By Carl Valle
Science of Vertical Plyometrics
One of the most demanding plyometrics exercises is depth jumps, usually performed by stepping off a box and jumping immediately after ground contact. In sports performance, it’s usually the most poorly applied exercise in all of training, especially at the youth level. Perhaps the most obvious question is not just why one should do depth jumps, how to apply or do them properly? Several experts have promoted the use of depth jumps for improving athletic performance, but where are they improving athletic ability is still a mystery. The common belief is that depth jumps help with maximal speed, and because so little research is on elite sprinters longitudinally, it’s not crystal clear what is happening adaptation wise. In this article an exhaustive investigation into the requirements of top speed and how potentially the use of depth jumps may help improve maximal velocity.
What is a Depth Jump?
Depth jumps are an intensive plyometric exercise that uses an elevated drop to overload the stretch reflex. When an athlete steps or leaps off of the box, the most common technique is to jump with two legs vertically up, immediately after impact. For 50 years coaches and athlete have purposely used the training to improve power, and Russian lore is still seducing coaches to believing that it’s near magic for performance. We know that jumping performance is improved by depth jumps due to the specificity of the exercise, but sprinting is still gray because of the complexity of design requirements in studies.
Vertical Forces and Maximal Velocity
The debate continues on the value of plyometrics and maximal speed, and earlier the question of the value of depth jumps. As of today, we still don’t know how maximal speed can be developed but we know how valuable it is. Hundreds of world class 100m performances have been researched since the 1980s and all of them share one thread, those who have the greatest maximal velocity win nearly 99% of the time. Why? One has to have a great ability to accelerate, and speed endurance int he 100m is 3-4 seconds. Even “drop dead” sprinters are carrying so much speed that endurance is rarely an issue as many technical areas can mask poor fitness. It seems that those that have great abilities to sprint fast likely have great developments in reciprocal inhibition, a characteristic likely to transfer over to points of the race when fatigue hits. Fatigue should not be seen as a fuel limiting phenomena, but more of a central and peripheral threshold that the body must be prepared for. How a rapid contraction at 4-5 times a second can be augmented by a usually a bilateral contraction far longer than ground contact is still a mystery to even the best sport scientists. To date, many world renown scientists and coaches don’t agree on if maximal speed can be enhanced by plyometrics, and some question its value even in the acceleration phase, where contractions are slower and similar to jump training. The case for plyometrics and improving top speed is a difficult one, but coaches have sworn by depth jumps as a ticket to greater performance.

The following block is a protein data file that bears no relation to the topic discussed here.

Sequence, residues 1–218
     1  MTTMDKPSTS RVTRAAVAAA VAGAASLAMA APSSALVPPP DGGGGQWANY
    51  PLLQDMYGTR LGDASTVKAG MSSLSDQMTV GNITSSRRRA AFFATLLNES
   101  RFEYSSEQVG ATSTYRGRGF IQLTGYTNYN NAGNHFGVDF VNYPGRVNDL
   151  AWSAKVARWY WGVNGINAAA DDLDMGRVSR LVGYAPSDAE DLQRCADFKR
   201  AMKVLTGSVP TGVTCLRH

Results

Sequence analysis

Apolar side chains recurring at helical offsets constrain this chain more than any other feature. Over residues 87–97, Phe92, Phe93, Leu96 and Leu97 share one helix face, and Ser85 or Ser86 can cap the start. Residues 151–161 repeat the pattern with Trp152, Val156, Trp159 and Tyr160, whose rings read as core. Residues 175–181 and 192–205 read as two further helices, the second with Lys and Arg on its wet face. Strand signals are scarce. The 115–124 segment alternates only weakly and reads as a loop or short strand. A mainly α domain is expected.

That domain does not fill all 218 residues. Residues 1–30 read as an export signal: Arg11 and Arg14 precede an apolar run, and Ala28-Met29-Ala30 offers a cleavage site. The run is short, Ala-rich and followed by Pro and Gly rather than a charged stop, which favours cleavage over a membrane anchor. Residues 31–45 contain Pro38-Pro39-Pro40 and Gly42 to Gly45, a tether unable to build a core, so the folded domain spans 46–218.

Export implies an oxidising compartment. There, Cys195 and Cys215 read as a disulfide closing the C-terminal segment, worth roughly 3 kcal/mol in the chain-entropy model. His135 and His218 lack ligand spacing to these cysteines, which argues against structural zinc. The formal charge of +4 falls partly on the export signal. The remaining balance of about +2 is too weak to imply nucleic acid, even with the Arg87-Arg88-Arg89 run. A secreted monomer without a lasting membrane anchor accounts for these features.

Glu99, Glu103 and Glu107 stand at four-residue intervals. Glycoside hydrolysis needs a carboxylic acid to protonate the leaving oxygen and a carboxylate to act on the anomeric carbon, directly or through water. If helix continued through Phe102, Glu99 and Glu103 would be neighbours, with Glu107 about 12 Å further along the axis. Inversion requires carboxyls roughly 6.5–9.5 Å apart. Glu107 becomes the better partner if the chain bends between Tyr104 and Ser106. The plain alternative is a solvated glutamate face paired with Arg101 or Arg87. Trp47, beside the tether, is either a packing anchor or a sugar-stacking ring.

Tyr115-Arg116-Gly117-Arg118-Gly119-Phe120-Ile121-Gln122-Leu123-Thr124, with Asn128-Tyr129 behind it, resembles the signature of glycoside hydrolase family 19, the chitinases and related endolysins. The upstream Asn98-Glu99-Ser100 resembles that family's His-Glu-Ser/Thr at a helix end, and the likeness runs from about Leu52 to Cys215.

Paradoxical Power of Depth Jumps
The oscillation pattern of the body, sometimes called lift by coaches in various circles is extremely difficult to measure, even with the most sophisticated lab tools. The reason the body is bouncing up and down is part visual illusion and part actual vertical displacement. The amount of vertical displacement necessary to reposition the recovery leg for proper landing and loading is a matter of centimeters, so why are coaches jumping down from boxes that are meters high? A possible answer is not so much the drop distance of the body begin a limiting factor, it’s how fast the body can create propulsive forces forward and up. Braking forces are necessary to create a stretch reflex, but unless the body is able to use them and provide a greater resultant then braking values, one is unable to attain faster speeds.